BY Jennifer Pereira, PLACES Fellow

Arriving in Burlington, Vt., after a five-hour car ride from Rhode Island, I was struck by the beauty of the landscape: the sun shining on Lake Champlain, surrounded by mountains. I was in Vermont for the first of three site visits as one of sixteen PLACES Fellows. PLACES is designed for participants to use learning, coaching and reflections onsite to explore structural racism, community empowerment and grantmaking practices that have equity at their core. At first glance, Vermont about 94% white and a population of about 624,000 people (a little over half the population of Rhode Island), spread out among a primarily rural context did not seem the obvious choice to start this conversation.  But wait… 

Our first meeting was with the Vermont Community Foundation, a community foundation based in Burlington. A person new to the organization told us about the foundation’s development of a new impact area that will focus on equity, anti-racism and democracy as a result of its experience with COVID-19 response grantmaking.The speakers that followed from the Vermont Land Trust and the Intervale Center spoke about land, land ownership, access, and asking themselves the question “who benefits” from their work. Both speakers were candid about the need to grow and apply a strong racial equity focus on their role in land ownership that fundamental inequity that underlies persistent, systemic injustices. The Land Trust engages in land return projects with Indigenous bands; there were three Abenaki nominees for the Vermont Land Trust board this year. The 4,000-acre Intervale Center is historically rich and significant land for the Abenaki, who lead land recognition ceremonies on the property. When we asked members of the organizations what philanthropy can do better to support these efforts, we received these response:“Look in the mirror and recognize the power dynamic.”  “Fund organizations that are led by and represent the community being served.” 

PLACES 2023 Fellows gathers in Burlington, Vt., for their first site visit of 2022.

On our second day, we had a thoughtprovoking conversation focused on environmental justice with State Senator Kesha Ram Hinsdale of the Vermont General Assembly; Ginny McGinn, executive director off the Center for Whole Communities; and Kiah Morris, executive director of Rights & Democracy. These three impressive speakers talked about successes and models from their work,including the passage of the first environmental justice law in Vermont in 2022 and the creation of REJOICE (Rural Environmental Justice Opportunities Informed by Community Expertise) to engage people most impacted by environmental injustice in policy change. This and the Climate Council raised the importance of compensating people for their time and valuing community expertise.  They also spoke about the challenges: Burlington sees huge racial disparities in outcomes for white people and communities of color, notably in homeownership. Only 21.1% of the Black population in Burlington owns their own home, far below the national numbers.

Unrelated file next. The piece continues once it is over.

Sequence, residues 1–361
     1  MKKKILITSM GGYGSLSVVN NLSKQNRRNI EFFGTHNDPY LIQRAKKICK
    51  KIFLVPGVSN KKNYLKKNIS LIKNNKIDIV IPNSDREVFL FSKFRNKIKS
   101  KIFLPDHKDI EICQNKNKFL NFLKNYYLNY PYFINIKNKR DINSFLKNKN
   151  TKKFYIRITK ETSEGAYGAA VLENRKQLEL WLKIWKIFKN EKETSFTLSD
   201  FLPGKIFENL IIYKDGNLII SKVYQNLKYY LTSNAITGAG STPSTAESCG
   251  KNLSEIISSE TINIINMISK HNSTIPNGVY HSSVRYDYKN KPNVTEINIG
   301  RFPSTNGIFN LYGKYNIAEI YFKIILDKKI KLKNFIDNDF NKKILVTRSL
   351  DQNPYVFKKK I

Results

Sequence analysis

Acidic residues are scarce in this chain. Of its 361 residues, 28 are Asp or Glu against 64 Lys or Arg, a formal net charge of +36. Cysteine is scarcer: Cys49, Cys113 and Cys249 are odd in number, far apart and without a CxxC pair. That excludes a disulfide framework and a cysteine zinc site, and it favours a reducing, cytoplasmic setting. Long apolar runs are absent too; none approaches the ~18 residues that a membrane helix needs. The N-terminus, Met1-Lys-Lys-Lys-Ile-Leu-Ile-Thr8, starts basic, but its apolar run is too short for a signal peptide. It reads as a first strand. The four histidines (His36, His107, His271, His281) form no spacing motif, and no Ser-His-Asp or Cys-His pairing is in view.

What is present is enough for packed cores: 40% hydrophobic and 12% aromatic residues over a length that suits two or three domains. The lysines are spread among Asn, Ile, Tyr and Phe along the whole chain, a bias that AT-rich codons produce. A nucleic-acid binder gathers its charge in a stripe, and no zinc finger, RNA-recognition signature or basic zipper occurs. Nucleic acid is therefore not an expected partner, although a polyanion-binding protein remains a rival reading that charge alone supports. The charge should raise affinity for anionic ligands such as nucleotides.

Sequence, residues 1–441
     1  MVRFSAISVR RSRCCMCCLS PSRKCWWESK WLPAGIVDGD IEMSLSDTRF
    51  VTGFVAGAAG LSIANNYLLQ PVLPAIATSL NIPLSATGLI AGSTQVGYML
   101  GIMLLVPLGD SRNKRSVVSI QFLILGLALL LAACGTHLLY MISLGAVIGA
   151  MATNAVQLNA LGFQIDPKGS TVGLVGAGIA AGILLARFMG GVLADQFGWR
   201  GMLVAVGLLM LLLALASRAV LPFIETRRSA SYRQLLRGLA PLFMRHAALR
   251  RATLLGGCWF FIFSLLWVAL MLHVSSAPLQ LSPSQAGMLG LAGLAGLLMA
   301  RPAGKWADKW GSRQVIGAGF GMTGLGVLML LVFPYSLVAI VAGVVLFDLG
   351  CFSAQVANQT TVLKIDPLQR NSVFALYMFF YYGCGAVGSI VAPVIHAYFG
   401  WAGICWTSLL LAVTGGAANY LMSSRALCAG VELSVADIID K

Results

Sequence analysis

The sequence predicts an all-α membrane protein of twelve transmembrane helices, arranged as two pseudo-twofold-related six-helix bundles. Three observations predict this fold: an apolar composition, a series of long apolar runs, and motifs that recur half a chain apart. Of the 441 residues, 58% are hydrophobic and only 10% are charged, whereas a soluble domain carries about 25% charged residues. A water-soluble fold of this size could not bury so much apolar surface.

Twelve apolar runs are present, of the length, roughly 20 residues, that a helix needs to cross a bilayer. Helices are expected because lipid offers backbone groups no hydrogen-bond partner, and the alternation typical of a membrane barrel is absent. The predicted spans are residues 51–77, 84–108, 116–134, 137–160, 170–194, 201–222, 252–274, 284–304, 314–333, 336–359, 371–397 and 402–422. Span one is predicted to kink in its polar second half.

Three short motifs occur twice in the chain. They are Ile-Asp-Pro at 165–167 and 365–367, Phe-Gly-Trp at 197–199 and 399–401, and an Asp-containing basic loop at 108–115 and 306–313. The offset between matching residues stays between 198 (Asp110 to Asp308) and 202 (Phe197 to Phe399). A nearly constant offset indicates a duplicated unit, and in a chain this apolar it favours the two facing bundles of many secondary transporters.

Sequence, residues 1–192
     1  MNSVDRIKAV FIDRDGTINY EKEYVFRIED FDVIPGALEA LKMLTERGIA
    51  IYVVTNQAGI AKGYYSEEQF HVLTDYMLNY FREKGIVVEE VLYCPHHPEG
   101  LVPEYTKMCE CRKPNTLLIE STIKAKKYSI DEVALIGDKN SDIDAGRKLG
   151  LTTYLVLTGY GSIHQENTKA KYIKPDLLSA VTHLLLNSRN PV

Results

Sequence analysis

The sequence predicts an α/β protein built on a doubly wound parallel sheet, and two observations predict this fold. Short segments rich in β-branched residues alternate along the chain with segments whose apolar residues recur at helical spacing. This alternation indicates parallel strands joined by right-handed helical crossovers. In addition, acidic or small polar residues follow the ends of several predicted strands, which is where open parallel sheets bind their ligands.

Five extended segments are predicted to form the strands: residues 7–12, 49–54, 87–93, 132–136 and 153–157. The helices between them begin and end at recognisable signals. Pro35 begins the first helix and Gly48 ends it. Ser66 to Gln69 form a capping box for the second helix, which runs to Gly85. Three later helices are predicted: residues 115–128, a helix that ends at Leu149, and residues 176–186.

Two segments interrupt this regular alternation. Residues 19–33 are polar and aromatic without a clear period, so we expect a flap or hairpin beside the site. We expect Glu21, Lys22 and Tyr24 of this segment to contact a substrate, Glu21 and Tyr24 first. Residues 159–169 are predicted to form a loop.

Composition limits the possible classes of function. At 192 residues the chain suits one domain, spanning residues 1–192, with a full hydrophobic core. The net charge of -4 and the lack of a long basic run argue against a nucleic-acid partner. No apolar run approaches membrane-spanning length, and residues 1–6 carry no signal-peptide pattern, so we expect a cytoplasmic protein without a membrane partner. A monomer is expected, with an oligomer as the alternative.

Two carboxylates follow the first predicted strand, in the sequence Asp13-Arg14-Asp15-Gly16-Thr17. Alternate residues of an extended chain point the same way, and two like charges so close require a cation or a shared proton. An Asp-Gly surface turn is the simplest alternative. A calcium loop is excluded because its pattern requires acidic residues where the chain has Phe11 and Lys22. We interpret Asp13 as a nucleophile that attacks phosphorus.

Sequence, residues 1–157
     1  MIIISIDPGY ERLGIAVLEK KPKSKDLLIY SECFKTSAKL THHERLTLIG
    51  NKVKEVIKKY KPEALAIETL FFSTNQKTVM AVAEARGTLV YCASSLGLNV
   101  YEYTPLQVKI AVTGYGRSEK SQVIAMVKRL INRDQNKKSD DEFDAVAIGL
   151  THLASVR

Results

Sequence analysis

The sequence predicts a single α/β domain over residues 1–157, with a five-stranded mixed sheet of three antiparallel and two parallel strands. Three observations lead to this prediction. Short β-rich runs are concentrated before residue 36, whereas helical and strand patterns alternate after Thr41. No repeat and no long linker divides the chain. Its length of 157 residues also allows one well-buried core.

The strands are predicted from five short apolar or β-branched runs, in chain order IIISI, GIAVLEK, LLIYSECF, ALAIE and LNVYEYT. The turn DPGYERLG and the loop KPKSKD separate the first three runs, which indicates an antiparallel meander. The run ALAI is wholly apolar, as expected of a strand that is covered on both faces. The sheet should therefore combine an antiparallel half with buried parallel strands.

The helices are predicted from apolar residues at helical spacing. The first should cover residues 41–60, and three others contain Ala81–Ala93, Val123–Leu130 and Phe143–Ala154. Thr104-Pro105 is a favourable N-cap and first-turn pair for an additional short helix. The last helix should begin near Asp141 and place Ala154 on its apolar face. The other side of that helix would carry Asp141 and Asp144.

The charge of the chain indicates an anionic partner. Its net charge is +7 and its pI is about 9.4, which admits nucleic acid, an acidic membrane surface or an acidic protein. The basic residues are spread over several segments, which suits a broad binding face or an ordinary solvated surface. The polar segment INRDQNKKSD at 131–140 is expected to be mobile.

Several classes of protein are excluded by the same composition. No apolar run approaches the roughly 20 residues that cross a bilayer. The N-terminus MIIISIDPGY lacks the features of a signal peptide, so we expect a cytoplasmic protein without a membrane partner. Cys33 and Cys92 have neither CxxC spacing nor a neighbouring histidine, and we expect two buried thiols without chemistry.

When asked, what can philanthropy do better? 

  • Unrestricted funds are a blessing 
  • Trust the people doing the work 
  • Show up, step back, and trust 
  • Support healing and selfcare for frontline advocates 
  • Step up, not lean away, from funding racial and social justice

A conversation with City Councilor Ali Dieng, who cofounded the New American Advisory Council, and Brian Pine from the City of Burlington’s economic development office, focused on housing and included a discussion of the Community Land Trust model. This model provides a pathway to homeownership for historically marginalized communities, including the New American population. 

The visits and conversations told us a different story about Vermont than is evident at a first glance and demonstrated the complexities of place. Of community. The people we met were inspiring  and exhausted. Over the course of about 56 hours in Vermont, multiple site visits and presentations, and provoking debriefs with my companions on this year-long Fellowship journey: fifteen remarkable individuals and our fearless and supportive guides, one recurring message kept playing out in these discussions and in my thoughts:  What can philanthropy do better? 

PLACES site visit facilitator Bina Patel (center) leads the Fellows in an outdoor group exercise in Burlington.

All of our site visits were unpacked and examined through conversations among the Fellows, facilitated by the gifted Bina Patel. What can philanthropy do better? We need to ask the question, how does the community envision how they can thrive? We can ask this question, and listen and heed the response.  We need to do better, “because we bear witness.. 

 This first PLACES site visit gave me the opportunity to challenge assumptions, learn new perspectives, and reflect on what I, in my role in philanthropy, can do better.  In Vermont, 94% of the population is white, and we learned that 75% of traffic stops are of Black men; In Rhode Island, the racial gap in homeownership is wider than the national average; Black and Hispanic children in Rhode Island are more likely than White children to live in neighborhoods that lack the resources needed for them to grow up healthy and successful. These systemic inequities are real, deeply rooted, and are the cause of unspeakable trauma and harm to people the people we met in Vermontnd the people we know in our communities. From reorienting the conversation so that it is community-led and driven, to showing up in the difficult conversations, I’ll carry this experience with me and focus on action. 

What will I do better? 


About the Author


Jennifer Pereira is Vice President of Grants & Community Investments at the Rhode Island Foundation. She is also a member of TFN’s 2022 PLACES Fellowship cohort.